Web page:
Belgian lawmakers clash on extending euthanasia law to children

Lawmakers in Belgium’s house argued Thursday over a measure — expected to pass — that would extend the right to die to children, the Associated Press reports. Belgium is one of the few countries where assisted suicide is legal; if the law is extended, it would apply to only some teenagers who are in pain and near death, who show a “capacity for discernment” to a psychiatrist and psychologist, and who have parental consent.

The words of some of the Belgian House members, according to the AP:

“Our responsibility is to allow everybody to live, but also to die, in dignity,” said Karine Lalieux, a Socialist member of the House of Representatives who favors extending Belgium’s 2002 euthanasia law to minors under 18, with the added conditions that their parents approve and they understand what the decision means.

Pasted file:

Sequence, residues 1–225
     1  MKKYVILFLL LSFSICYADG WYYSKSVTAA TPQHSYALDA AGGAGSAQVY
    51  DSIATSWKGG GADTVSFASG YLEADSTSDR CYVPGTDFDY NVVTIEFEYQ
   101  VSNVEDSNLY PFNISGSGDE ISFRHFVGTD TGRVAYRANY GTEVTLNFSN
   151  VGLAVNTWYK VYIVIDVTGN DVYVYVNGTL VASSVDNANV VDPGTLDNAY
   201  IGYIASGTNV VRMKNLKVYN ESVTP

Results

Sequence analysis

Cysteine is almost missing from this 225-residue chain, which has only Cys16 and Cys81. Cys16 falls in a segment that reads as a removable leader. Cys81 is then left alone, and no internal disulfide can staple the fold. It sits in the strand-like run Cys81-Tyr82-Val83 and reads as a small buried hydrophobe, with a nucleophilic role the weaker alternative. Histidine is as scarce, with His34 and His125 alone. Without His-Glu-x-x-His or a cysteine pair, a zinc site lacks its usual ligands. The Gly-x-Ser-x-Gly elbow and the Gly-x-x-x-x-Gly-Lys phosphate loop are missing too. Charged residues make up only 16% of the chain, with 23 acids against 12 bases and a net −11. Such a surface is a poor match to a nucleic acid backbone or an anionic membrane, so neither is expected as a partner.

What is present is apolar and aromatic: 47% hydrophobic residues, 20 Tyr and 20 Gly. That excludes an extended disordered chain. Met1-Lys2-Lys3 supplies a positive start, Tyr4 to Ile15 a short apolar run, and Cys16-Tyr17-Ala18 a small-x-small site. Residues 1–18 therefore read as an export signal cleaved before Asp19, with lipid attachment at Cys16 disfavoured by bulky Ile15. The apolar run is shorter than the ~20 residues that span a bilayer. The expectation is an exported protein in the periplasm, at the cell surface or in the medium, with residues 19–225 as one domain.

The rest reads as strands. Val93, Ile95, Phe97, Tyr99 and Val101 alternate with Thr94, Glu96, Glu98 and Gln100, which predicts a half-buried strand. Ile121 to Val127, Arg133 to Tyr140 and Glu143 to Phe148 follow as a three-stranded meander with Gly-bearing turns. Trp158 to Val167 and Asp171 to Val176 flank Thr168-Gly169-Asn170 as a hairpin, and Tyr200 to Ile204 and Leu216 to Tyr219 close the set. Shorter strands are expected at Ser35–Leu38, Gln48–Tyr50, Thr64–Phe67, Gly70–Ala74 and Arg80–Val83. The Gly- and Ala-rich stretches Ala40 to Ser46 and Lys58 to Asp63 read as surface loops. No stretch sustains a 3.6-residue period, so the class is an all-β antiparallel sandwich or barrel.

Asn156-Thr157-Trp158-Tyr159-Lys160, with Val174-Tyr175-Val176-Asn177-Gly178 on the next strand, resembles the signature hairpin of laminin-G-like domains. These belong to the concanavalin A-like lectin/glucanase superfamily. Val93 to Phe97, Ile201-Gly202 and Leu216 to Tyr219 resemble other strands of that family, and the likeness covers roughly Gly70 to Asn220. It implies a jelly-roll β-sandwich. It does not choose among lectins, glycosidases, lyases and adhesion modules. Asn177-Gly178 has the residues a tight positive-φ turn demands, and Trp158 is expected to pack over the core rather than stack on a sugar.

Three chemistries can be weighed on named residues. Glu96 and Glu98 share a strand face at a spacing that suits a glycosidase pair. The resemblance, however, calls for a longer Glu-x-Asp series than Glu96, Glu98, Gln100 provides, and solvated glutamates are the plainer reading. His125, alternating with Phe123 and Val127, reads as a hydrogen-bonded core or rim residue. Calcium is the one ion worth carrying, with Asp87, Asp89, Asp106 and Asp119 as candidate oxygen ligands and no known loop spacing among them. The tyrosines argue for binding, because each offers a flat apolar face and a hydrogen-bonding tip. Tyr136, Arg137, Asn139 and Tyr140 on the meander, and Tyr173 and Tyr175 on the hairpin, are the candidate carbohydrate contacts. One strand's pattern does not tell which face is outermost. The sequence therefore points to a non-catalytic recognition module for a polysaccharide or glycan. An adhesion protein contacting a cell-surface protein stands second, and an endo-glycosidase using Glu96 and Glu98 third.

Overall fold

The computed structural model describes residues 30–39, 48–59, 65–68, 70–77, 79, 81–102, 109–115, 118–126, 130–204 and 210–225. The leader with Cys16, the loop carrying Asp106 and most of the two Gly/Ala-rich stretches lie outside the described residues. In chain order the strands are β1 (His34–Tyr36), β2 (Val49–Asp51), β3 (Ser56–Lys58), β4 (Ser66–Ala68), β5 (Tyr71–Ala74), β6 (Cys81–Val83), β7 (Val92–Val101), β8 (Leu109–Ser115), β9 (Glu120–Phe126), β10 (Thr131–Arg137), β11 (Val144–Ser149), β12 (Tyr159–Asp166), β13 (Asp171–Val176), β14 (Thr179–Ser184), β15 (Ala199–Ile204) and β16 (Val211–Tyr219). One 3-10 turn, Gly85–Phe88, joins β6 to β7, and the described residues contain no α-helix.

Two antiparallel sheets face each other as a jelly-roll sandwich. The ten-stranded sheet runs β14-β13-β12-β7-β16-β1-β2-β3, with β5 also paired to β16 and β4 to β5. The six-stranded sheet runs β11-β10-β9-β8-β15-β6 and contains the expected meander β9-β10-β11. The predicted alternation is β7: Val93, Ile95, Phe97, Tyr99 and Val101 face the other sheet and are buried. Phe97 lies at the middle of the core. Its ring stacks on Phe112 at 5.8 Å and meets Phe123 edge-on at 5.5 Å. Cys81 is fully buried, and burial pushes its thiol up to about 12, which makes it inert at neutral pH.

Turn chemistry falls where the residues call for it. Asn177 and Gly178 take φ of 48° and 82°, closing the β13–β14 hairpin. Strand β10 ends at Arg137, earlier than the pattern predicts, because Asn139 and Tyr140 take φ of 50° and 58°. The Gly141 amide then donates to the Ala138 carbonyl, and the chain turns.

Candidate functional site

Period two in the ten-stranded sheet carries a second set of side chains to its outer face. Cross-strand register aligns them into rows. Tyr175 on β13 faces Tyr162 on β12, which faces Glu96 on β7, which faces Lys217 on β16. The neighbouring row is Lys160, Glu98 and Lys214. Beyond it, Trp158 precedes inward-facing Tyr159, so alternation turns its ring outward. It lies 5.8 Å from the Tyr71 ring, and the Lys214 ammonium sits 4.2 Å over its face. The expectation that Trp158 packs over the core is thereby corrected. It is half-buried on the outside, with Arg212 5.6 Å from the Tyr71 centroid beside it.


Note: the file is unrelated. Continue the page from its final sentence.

Sonja Becq, a Christian Democratic colleague, denounced the potential change, saying modern-day science is capable of relieving pain in very sick children until their illnesses runs their natural course.

“We cannot accept that euthanasia be presented as a ‘happy ending’,” she said. Belgium sets legal limits on who can legally acquire cigarettes and alcohol, she said — so why not for euthanasia?

The country’s Senate passed the amendment Dec. 12; King Philippe must sign onto the bill. One opinion poll found 75 percent of Belgians in favor of the amendment, the AP reported.

While  the states of Oregon, Washington and Montana have legalized some physician-assisted suicide, only a few countries allow euthanasia or assisted suicide. See what their laws say here:

Terri Rupar is The Post's national digital projects editor.



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